Though semiotics, as explored by Charles Sanders Peirce and, more recently, by John Deely, will consume most of what time I still give to philosophy in terms of systematic study, the two rubber-textbook-meets-the-open-road questions that haunt me are this darling couple: 1). Why not commit suicide? and 2). How can bringing children into this world be justified?
I have fondled this dark, low-hanging (heh heh heh) teat in another post, so I will try not to reuse my suave moves too extensively. I know the traditional religious responses; however, while I will not claim that those responses do not satisfy me, I will admit that I would like to find another set of answers–if they can be found, but I am not convinced that any other foundation will provide anything more than a sandy base.
The question of suicide has interested me since grad school. To clarify, however, by “question of suicide,” I do not mean an exploration into the myriad causes behind it; rather, I mean a non-flinching look at why one should refrain. However, to the relief of my parents, I shifted my academic focus to semiotics, though not without having been first infected with the thanatos virus.
Throughout anti-natal literature, the primary argument goes as follows: based upon both a quantitative and a qualitative scale, we can securely assume that the aggregate pain in any given individual’s life is greater than the aggregate pleasure. Thus, any life brought into existence can be guaranteed that, notwithstanding its level of subjective comfort and status, will experience a greater amount of pain–and, further to give pause, the pain it will encounter will be greater in intensity than any offsetting pleasure it may meet. The aforementioned linked post provides non-fiction approaches, but a fictional approach to this question is the talented (and the very polite–based upon my Twitter interactions with her) Ann Sterzinger’s NVSQVAM. (Seriously, folks, support cheeky, independent authors–even if you–gasp–may not agree with their worldview. At least such authors are making you think. Speaking of thinking, check out Nine Banded Books and Feral House.) Or, if you please, I present the most engaging TV character I have ever had the pleasure of meeting, Rust Cohle:
I thought of this this recently while visiting an eighty-year-old neighbor in the hospital, a retired lawyer who still has his wits and a strong handshake. In referencing an article that he had read recently in the paper, we briefly discussed abortion. He cast off as an aside that he, personally, is against abortion because he hates to think that he may have been aborted, and he is glad that he was not, given the enjoyable life that he has lived. While I am also opposed to abortion (that damn lingering Catholic in me), though not for the same reason, I could not help but silently snap, “How would you know what you would have missed had you never been born? Besides, will whatever pleasures that you have experienced surpass, in the end, the pains?” Of course, I dare not voice such sentiments; I merely uttered a halfhearted “I agree.”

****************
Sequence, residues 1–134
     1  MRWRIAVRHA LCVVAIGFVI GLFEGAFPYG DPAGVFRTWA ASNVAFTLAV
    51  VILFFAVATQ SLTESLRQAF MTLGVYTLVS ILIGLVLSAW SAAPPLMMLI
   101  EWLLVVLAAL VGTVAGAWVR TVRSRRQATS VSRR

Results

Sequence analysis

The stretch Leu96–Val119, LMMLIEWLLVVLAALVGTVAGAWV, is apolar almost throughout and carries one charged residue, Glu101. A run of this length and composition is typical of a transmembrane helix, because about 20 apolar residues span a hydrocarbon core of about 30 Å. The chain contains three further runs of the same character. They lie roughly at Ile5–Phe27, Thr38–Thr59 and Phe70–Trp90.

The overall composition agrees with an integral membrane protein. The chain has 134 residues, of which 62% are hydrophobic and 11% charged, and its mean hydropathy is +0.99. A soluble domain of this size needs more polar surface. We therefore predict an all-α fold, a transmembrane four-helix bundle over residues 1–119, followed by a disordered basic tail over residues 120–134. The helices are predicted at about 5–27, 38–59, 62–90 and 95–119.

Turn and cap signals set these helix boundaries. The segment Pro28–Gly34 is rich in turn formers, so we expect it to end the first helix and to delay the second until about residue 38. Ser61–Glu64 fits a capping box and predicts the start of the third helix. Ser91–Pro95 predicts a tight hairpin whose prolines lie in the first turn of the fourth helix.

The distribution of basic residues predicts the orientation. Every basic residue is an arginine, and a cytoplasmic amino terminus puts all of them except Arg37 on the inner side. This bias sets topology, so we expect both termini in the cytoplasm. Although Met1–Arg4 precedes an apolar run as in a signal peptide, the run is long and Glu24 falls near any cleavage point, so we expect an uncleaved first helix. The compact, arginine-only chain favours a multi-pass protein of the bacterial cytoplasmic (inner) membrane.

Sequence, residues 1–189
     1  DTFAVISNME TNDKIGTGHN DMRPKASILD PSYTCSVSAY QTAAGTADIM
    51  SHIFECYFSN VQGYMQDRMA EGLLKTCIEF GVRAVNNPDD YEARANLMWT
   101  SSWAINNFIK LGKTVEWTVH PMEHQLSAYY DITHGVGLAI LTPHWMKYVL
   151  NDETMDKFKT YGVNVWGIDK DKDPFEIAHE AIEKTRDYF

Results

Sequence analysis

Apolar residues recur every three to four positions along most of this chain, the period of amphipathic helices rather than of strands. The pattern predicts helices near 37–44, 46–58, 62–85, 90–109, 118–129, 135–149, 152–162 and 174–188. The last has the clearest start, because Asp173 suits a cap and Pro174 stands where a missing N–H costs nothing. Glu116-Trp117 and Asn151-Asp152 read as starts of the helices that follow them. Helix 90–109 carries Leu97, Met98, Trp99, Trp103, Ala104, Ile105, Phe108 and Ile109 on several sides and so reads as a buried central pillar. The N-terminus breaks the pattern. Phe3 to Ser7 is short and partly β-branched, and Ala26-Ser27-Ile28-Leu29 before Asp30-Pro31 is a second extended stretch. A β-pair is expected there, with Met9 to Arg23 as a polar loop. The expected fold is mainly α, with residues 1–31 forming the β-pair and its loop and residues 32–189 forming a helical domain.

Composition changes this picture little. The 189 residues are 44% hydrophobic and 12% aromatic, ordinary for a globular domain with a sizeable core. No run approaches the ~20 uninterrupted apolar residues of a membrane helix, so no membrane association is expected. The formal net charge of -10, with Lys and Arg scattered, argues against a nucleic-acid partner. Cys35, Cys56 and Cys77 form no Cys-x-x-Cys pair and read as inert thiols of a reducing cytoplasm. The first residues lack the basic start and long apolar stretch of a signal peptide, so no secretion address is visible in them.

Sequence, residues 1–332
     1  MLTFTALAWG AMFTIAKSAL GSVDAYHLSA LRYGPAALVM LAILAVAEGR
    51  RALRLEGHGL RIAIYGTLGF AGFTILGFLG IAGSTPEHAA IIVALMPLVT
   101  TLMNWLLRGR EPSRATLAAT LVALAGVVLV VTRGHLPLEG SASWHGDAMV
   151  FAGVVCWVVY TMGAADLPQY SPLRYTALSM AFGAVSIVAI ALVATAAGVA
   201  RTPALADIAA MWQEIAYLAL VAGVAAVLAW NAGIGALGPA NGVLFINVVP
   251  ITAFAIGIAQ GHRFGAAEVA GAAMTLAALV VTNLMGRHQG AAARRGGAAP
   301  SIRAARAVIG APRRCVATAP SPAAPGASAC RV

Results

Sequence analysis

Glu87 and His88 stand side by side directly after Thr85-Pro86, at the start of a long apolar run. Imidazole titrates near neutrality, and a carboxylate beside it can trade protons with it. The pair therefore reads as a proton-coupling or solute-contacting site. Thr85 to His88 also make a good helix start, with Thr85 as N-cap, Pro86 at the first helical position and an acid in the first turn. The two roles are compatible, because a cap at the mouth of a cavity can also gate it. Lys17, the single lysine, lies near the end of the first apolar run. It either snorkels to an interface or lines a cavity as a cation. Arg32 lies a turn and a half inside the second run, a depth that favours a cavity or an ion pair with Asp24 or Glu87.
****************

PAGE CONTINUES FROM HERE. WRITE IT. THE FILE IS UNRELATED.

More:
As for suicide, I am no longer truly surprised whenever I hear about someone who has committed it. In fact, the only surprise that still lingers concerns why more people do not choose to opt out of the raw deal. In my darker meditations, I foresee something like Jonestown:
Large swaths of people drinking their way into extinction.
Actually, I imagine something much darker. At least the doomed denizens of Jonestown had each other in their dying moments, as they gulped loony-laced Kool-Aid. I see people, much like the Japanese Hikikomori (whom I wrote about a few years back), suffering in isolation. I imagine (Why do I imagine such things?) people killing themselves in highly elaborate and ritualized fashions–perhaps masturbating as they drive their grossly unnecessarily accessorized trucks off overpasses onto pedestrians who have the gall not to drive. Disaffected suburban moms drowning their 2.3 children in tubs of Starbucks caramel lattes before they jam themselves with their dildos and take death selfies with their illegal-immigrant neighborhood children.
As the Chinese say, “Does that cat belong to anyone?” Kidding…. (That is the prejudiced half-Jap in me showing itself.) We live in interesting times–and that is not necessarily a good thing.
And we jump…
I have written before about Joaquin Phoenix . I will stand by my claim that he is the best actor of my generation. I think that, rather cosmically ironically, he would have been surpassed only by his deceased brother, River.
Come October, the world will witness his, my prediction, career-defining performance as the (prototypical) Joker. If you are among the handful of people who have yet to watch the trailer, you know what you must do:
Or even this one:
The teaser trailer’s close-to-fifty million views reveals something more than the obsessiveness of comic movie fanboys; this film, which–I know, another prediction–may give us the defining Joker performance, portrays a man broken down by the inherent madness of modern life. This film will tap into the zeitgeist of zaniness of our current year clown world.
Perhaps, dear reader, you are starting to worry about me. I am a-okay. How are you?